AT&T's PR efforts have been woven into its operations since Arthur Page held the comms hot seat. And even though the giant telecom is under media scrutiny, its PR remains involved in everything from top decisions to sales. Julia Hood reports.A recent article in The Economist entitled "Survival of the slowest" renders an image of AT&T that the company would like everyone to forget.
This analysis of Global Crossing, the once high-flying whiz kid of telecommunications, explains how the new-economy model was failing, even as more "bureaucratic
operations (read: AT&T) are set to thrive.
"The crowning glory is that the industry's old-fashioned, old-economy giants look in good shape to clean up,
the article reads. "Too slow and too cautious to build their own fiberoptic networks, they can now lease lines from their nippier rivals at rock-bottom prices."
"There is an assumption that because we are big, we are bureaucratic and slow-moving,
says Dick Martin, EVP of AT&T's PR, brand management, and employee communications. "As if the reason we didn't make the same mistakes Global Crossing made is because we are slow and bureaucratic."
One day, the media may believe AT&T's claims to being nimble and on the cutting edge of technology. But the company will never change the fact that it virtually symbolizes the entire telecom world. "AT&T is such an icon that it is often used by the media to explain a story that affects an entire industry,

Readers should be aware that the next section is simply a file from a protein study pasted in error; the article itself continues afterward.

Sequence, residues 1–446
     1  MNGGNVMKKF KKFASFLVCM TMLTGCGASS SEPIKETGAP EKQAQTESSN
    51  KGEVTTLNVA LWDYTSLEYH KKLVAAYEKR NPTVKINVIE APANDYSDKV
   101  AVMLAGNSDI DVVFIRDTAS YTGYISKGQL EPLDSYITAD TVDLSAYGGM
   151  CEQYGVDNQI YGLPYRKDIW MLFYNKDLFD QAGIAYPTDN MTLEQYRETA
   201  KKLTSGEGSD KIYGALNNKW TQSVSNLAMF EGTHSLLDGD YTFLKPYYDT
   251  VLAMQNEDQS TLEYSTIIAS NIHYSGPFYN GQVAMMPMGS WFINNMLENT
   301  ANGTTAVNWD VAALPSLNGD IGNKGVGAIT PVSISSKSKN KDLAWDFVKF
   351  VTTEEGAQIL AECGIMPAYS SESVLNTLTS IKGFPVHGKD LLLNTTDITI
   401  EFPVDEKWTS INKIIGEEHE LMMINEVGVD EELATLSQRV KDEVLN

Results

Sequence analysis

Martin says. "We are a shorthand for saying, 'This is what's going on in telecoms, good or bad,' and we also have so many share owners that we are newsworthy."
Media attention in the past year has focused principally on AT&T Broadband's merger with Comcast, restructuring, and - following the Enron scandal - close scrutiny of AT&T's financial statements. Leadership succession is also hotly debated, as chairman Michael Armstrong will be leaving to head up the newly minted AT&T Comcast Corporation this year.
Speculation over the broadband merger was one of the biggest telecom stories of 2001. The rumor mill was operating at full throttle until the Comcast announcement in December. "In general, I think there was a lot of misinformation,
says Mike Goodman, a senior analyst from The Yankee Group, who covers the Comcast deal.
"Every other week I used to read in The Wall Street Journal that someone else was coming close to an agreement to buy AT&T Broadband. Almost as though when Mike Armstrong brushed by someone, he was there to talk about broadband."
PR takes undeserved blame
AT&T can never hope to escape the rumors, and its PR team may take some of the blame, both for not responding to them and for the level of negative media that can gather around such a big company.
This is particularly true in the telecom industry, which is facing one of the toughest periods in its history. "When a company is as under siege as AT&T,
says Gershon Kekst, president of Kekst & Company, "and has been going through one major business event after another, each requiring complex explanation, you get into a situation in which you want to shoot the messenger.
"Invariably, a company in that position is taking hits in the investor, employee, and press communities. It begins a chain reaction, with one hit leading to another,
Kekst adds. "The easy thing to do is sit back and say, 'Boy, their PR has a problem.' But I can tell you from personal participation and observations, it is rare that a corporate communications department remains as solid, focused, and committed as these guys do at AT&T."